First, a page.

Assuming you handle the changing between language versions (as in the example of your first bullet point - sending a page) in a reasonable manner, then yes, you should consider having the language in your URL, but for a reason you've not mentioned here.
Note: This generally gets referred to as 'language/region' because, more often, the two letter codes are used to define both a language and a region e.g. en-us, en-uk, es-mx, es-es
The Benefit of Domain Authority
Assuming the growth and prosperity of your domain is a goal, then having all your content in subdirectories under your root domain is the best way to quickly develop domain authority and consequently to rank well in search engines.
Note: Domain Authority is gained when other sites link to yours. Generally speaking, the more links a domain (or page) has pointing to it, the more "authoritative" it is, and the more likely it is to rank for a given keyword. (This is why wikipedia does so well in search)
Your other options i.e. separate CCTLDS (.com, .ca, .co.uk) and subdomains (us.site.com, ca.site.com) both create silos for authority. That is, links to any one site or subdomain don't benefit others.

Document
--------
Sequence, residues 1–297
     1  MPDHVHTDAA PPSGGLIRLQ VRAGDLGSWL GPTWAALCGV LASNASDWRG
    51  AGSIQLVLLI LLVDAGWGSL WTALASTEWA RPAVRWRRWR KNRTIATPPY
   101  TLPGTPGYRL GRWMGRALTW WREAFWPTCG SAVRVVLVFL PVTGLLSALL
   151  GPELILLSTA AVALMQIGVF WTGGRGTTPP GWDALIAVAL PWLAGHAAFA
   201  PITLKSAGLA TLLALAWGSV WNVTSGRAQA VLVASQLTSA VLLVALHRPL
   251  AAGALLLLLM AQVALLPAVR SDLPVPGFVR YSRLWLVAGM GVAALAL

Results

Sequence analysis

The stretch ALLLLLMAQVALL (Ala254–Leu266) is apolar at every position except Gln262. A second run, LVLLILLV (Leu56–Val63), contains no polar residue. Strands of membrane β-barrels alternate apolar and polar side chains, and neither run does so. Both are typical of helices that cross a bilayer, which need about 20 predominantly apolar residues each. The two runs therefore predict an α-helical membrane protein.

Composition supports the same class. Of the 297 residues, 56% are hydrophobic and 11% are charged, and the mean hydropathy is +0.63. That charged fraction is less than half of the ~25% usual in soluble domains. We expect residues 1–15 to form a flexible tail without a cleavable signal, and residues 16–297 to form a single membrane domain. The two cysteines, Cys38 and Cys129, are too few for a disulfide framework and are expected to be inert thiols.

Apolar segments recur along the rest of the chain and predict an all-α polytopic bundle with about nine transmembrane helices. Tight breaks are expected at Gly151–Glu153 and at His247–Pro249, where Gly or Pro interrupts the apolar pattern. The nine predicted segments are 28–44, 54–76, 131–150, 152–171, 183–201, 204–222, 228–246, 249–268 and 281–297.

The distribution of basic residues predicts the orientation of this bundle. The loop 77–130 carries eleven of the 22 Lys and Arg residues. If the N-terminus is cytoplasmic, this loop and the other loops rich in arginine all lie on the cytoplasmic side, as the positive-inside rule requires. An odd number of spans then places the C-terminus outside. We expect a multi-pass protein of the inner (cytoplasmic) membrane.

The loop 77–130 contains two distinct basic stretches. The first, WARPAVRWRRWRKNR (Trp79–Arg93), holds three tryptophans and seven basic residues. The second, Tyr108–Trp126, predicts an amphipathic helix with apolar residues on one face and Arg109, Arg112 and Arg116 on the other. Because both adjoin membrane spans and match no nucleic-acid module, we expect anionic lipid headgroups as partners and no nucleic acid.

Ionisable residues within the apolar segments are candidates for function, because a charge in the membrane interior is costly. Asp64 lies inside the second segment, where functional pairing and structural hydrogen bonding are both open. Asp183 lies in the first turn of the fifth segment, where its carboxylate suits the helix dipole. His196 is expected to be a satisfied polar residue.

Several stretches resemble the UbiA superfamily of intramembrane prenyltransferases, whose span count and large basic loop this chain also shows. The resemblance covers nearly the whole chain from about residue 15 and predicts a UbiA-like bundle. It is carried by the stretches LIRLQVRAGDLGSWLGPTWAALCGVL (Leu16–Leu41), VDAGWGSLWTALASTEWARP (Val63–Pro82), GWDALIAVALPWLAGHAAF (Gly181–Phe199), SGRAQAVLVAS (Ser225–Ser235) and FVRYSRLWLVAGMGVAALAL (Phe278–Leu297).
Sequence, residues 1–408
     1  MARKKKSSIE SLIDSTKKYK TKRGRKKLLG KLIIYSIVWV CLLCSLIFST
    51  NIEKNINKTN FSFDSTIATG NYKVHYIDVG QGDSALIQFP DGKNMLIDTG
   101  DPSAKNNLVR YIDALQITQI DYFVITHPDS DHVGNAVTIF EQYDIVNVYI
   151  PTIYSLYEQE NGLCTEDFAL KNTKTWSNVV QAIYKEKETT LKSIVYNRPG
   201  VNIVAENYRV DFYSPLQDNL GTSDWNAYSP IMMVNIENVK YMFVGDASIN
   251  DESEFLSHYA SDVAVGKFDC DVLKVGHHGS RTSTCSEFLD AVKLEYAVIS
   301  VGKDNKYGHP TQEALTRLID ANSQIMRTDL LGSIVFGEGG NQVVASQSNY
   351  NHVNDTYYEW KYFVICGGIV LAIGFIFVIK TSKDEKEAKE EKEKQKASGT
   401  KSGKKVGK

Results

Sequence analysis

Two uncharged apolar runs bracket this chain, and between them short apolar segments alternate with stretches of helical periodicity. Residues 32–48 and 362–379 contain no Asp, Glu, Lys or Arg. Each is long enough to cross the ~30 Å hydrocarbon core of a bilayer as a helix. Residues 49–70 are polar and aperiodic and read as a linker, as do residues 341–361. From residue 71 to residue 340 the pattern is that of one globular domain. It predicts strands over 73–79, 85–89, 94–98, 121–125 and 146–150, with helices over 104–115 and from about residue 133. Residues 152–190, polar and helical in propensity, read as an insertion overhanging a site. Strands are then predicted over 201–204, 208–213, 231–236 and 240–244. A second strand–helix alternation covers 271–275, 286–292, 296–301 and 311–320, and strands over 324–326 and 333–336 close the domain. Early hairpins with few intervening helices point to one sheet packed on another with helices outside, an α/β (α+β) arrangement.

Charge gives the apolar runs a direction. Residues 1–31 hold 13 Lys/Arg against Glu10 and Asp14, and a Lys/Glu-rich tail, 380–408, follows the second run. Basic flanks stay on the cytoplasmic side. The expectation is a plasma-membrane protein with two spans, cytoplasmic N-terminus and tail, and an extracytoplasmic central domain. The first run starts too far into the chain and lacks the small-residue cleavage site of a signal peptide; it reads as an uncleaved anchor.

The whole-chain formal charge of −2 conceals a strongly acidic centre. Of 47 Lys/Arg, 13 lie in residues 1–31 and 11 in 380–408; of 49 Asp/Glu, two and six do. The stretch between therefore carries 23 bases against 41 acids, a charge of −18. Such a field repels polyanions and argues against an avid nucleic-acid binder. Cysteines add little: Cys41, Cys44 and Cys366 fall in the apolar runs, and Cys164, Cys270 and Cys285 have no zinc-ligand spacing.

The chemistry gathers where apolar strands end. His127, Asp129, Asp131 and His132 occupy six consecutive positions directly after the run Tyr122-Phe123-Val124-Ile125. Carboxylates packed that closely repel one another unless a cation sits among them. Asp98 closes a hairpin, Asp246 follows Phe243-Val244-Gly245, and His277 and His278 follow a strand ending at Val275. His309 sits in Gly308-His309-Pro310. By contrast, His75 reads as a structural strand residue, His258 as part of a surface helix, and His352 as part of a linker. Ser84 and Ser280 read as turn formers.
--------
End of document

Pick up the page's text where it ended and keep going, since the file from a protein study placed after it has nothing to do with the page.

If all your content is one domain, links to anywhere benefit everywhere.
(I've started to refer to this as 'The Microsoft Model', just because it's a high profile site that uses this method, and when I'm explaining it, I can just link to http://www.microsoft.com/ There are lots of big international brands that use this method. The other 'biggest international brand' I could find quickly is http://www.nike.com/)
Be sure to use
hreflang is a method of distinguishing between your language/region variations and is a way of telling (specifically) Google, "you are going to find other versions of this page that are very similar, but with language or other content differences. This version of this page is for english speakers in the United States."
Switching Between Languages
A best practice for how to handle this has yet to emerge, and there's a lot of variety in how this gets handled. How you implement is up to you.
Visitors to the Root
Some sites show visitors to the root i.e. 'site.com' a list of options (often just lists of text links because it's very easy to get the map/country/flag/language thing wrong) but more often these days, the users' region is detected and they are taken directly to the appropriate language/region. i.e. a link to site.com goes to site.com/en-us
Visitors to Deep Pages
You gave the example of sending a link to friend. What if you link to site.com/en-us/ux/ but he's in France?
You have a couple of options. (assuming a French version of the page exists. If not, the user goes to the linked location)
1) Simply show the user the french version of the page. In a lot of cases this will be preferable for everyone.
2) Show the user the English version of the page, but detect that they are in France, and show them an unobtrusive notice on the page (in French) that tells them there's a French version and asks if they'd prefer to see that.